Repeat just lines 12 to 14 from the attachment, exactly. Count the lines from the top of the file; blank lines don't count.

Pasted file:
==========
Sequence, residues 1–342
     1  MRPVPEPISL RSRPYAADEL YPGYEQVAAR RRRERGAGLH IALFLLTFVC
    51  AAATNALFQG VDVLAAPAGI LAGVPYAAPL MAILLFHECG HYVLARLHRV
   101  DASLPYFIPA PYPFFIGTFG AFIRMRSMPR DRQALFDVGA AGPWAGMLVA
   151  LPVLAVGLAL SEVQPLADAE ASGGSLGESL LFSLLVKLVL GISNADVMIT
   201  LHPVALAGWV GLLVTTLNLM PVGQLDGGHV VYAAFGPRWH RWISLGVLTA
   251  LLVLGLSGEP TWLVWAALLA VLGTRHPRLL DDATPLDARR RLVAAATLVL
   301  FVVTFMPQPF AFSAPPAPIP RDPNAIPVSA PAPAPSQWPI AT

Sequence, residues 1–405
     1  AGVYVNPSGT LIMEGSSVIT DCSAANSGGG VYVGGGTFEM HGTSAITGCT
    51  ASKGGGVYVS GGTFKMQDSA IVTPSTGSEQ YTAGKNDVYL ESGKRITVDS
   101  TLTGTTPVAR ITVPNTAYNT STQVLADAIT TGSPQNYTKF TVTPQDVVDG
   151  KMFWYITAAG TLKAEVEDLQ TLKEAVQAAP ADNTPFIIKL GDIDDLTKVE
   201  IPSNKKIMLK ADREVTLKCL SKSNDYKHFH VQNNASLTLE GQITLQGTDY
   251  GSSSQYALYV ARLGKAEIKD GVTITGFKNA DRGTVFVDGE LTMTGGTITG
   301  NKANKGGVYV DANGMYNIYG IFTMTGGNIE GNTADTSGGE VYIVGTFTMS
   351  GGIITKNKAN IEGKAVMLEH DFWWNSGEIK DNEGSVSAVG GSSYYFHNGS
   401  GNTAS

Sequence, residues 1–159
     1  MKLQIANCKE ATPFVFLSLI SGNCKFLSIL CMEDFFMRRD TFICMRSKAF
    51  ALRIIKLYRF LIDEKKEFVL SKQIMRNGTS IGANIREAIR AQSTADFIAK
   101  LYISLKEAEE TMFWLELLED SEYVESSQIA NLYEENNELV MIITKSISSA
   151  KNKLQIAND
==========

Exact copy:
   101  TLTGTTPVAR ITVPNTAYNT STQVLADAIT TGSPQNYTKF TVTPQDVVDG
   151  KMFWYITAAG TLKAEVEDLQ TLKEAVQAAP ADNTPFIIKL GDIDDLTKVE
   201  IPSNKKIMLK ADREVTLKCL SKSNDYKHFH VQNNASLTLE GQITLQGTDY